Claire Ginnelly will continue to lead the business
The Association of British Insurers (ABI) has today published guidelines on electronic paperless requests for medical information from GPs that insurers need when providing protection insurance.
Scottish Widows has introduced electronic General Practitioner (GP) reports into its protection policy underwriting process to make it simpler and quicker to obtain customers' medical information from their GP practice.
Liss System's Guy Williams says the customer matters most in the debate over GP reports.
Clunky underwriting processes may be a thing of the past as new technology is applied. Paul Robertson speaks to Martin Werth about his UnderwriteMe system.
Several new underwriting systems are coming to market, revolutionising the adviser's input. Ian McKenna looks at the details.
As the nation ages, so will the client base of many advisers. Fergus Bescoby assesses longevity and its impact on underwriting.
GPs have become so poor at returning medical request forms that advisers have been forced to attend appointments with patients to ensure they are completed.
Lifesearch has applauded Legal & General's use of subject access requests (SARs) to obtain extra medical data and said it is seeing positive results for clients.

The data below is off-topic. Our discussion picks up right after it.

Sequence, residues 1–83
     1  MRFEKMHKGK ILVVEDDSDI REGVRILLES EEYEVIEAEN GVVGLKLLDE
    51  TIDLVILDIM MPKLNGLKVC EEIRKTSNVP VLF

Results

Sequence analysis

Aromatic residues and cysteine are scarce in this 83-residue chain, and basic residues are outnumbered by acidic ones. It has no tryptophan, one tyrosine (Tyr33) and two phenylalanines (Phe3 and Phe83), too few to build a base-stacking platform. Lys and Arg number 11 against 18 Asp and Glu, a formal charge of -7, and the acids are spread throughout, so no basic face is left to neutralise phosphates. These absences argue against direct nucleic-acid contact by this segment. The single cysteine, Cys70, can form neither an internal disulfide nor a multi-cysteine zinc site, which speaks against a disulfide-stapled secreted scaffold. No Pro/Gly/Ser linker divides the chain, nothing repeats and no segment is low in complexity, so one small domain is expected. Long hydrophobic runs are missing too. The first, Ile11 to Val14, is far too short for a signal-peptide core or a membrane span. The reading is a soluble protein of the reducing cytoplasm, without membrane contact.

One of the most controversial developments in the protection industry over recent months has been the use of Subject Access Requests (SARs). Russ Whitworth told Owain Thomas a war with doctors may not actually be on the cards
L&G has given the use of Subject Access Requests (SARs) a ringing endorsement and said they produce much better results than other methods of obtaining medical information.
Pacific Life Re has applauded insurers for tackling the growing problem of long delayed GP reports (GPRs) by using data protection legislation to request medical information.
Bright Grey and Scottish Provident have warned that insurers could be "shooting themselves in the foot" by changing the way they request medical evidence from GPs.
A row is brewing involving doctors and insurers that may result in advisers and their clients being stuck between the two factions.